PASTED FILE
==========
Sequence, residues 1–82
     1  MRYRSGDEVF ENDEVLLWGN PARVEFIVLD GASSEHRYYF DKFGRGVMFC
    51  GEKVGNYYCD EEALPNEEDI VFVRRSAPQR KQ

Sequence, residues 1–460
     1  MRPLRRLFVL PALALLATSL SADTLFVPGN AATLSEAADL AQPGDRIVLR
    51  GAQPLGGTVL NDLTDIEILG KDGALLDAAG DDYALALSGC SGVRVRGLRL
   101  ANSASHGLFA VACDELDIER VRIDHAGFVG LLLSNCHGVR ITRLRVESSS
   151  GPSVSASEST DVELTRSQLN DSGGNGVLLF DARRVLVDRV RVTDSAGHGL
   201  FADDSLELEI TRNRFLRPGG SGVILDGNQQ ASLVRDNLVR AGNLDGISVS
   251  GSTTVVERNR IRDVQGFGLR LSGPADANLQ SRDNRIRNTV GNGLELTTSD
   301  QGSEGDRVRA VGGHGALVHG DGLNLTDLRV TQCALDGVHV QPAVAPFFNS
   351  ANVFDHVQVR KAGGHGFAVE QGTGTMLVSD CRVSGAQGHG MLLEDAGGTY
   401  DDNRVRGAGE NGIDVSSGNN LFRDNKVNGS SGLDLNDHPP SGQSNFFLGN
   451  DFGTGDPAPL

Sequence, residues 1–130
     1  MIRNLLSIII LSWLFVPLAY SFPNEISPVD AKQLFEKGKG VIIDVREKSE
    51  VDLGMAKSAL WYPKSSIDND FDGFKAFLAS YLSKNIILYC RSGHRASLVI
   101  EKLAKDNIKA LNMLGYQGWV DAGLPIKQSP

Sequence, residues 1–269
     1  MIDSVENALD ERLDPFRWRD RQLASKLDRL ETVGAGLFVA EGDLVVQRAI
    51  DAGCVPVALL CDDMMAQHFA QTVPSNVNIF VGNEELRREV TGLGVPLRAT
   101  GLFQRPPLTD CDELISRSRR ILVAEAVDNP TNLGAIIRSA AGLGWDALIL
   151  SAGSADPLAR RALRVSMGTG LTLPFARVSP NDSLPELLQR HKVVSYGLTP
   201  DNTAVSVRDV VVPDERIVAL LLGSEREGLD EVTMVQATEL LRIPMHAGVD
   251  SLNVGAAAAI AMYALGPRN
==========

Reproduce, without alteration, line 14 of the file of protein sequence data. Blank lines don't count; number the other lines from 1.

   451  DFGTGDPAPL